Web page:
Airport Improvement Program

The Airport Improvement Program provides federal grants to commercial service and general aviation airports across the country for projects to enhance airport safety, capacity, security, and to address environmental concerns.  The program has a proven, decades-long record of success in financing airport infrastructure and ensuring the safe and efficient operation of the nation’s airport system.  

AIP is a critical source of funding for airports of all sizes including smaller airports around the country that don’t generate sufficient revenue from Passenger Facility Charges or have easy access to the bond market.  Large and medium hub airports also depend on AIP funding – particularly money distributed through discretionary grants and the Letter of Intent Program – to help pay for large capacity-enhancing projects.  

AIP funds key airport projects that improve safety, security, capacity, and efficiency.  For instance, airports often rely on federal grants to construct and rehabilitate runways, taxiways, and aprons.  According to the Federal Aviation Administration, airports use more than 60 percent of AIP funds for those three categories of airside projects.

The federal AIP program is supported entirely by users of the aviation system through various aviation excise taxes that are deposited into the Airport and Airway Trust Fund.  The program does not receive any revenue from the general fund.  Airport sponsors are usually required to pay a local match including 25 percent for large and medium hubs and up to10 percent for smaller airports.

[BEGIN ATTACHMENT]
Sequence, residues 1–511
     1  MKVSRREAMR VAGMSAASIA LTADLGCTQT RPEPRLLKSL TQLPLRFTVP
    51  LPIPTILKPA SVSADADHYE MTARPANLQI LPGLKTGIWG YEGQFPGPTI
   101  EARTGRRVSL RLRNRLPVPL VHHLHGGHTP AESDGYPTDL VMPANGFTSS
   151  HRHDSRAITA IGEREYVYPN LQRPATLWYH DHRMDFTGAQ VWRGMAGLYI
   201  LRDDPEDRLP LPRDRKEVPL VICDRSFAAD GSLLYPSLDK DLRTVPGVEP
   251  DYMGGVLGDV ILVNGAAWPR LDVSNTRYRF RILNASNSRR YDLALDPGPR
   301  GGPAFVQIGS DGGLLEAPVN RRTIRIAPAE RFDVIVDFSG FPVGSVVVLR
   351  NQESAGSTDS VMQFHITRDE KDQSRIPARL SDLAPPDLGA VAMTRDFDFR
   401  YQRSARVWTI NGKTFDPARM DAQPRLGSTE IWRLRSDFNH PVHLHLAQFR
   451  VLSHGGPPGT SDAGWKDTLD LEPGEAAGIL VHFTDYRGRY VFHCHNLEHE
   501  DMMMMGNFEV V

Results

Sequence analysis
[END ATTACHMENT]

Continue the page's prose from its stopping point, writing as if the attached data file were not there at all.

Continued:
Increasing Capital Needs:  With increasing passenger levels and aging facilities, large and small airports face significant capital needs.  As part of its 2019 National Plan of Integrated Airports System report, the Federal Aviation Administration estimated that airports have $35.1 billion in AIP-eligible projects between 2019 and 2023 or more than $7 billion annually. That amount is a 7 percent increase from the FAA’s previous estimate. 

Aside from temporary increases in Fiscal Years 2018, 2019 and 2020, Congress has authorized and appropriated $3.35 billion annually for AIP in recent years.  Of that amount, less than $3.2 billion is designated for actual capital projects.  That amount is only enough to cover only half of airport’s annual AIP-eligible projects.